I was able to find the following on the internet. I hope
it helps you come to a decision about hiring the young man. He
sounds like a great addition to your team.
This applies to people in the UK only. If you live
outside the UK, then more about epilepsy and employment
where you are will be available from your local epilepsy
organisation. You may be very familiar with the Disability
Discrimination Act 1995 (DDA) but may not know that people with
epilepsy, or a history of epilepsy, are covered. This applies even
if they are not currently having seizures or taking medication.
Under the DDA it is illegal to discriminate against disabled people.
Discrimination can occur if: a disabled person is treated less
favourably than someone else; and the treatment is for a reason
relating to the person’s disability; andthis treatment cannot be
justified. As an employer, this means that you must not treat
someone with epilepsy less favourably than another person, unless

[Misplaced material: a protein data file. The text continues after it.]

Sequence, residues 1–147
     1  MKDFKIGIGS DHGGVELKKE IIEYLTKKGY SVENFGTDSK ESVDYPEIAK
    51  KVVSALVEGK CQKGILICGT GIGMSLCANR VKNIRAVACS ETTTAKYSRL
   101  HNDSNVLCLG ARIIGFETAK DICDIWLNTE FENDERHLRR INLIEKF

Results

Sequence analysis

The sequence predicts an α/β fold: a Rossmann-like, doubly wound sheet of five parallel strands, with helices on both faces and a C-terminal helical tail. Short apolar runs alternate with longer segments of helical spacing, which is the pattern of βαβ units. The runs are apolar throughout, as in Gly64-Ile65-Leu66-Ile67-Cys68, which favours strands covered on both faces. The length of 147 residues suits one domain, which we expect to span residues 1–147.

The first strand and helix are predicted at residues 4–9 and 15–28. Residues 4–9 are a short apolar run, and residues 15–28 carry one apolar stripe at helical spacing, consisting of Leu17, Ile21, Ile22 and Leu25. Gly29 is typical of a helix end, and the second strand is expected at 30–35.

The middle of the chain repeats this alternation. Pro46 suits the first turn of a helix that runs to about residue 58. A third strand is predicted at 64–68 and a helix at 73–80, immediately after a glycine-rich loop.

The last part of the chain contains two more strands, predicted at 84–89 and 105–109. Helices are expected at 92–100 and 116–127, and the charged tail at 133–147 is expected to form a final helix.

you can justify the reason for doing so. The only exception to this
would be if there were health and safety reasons for the less
The advice here is very general. For more specific advice, contact
the Epilepsy Helpline, freephone 0808 800 5050
From the Mayo Clinic in the United States:
The primary treatment options for patients with epilepsy are
medications, surgery and vagus nerve stimulation. The same treatment
does not work for every patient because the type and severity of
epilepsy varies.For many patients, medication taken regularly and as
prescribed will prevent seizures. When medications fail to control
or substantially reduce the frequency of seizures, brain surgery may
be recommended. The ketogenic diet helps some children and adults
with epilepsy. Investigational treatments (treatments being tested in
clinical trials to determine their effectiveness) may be an option
for eligible patients.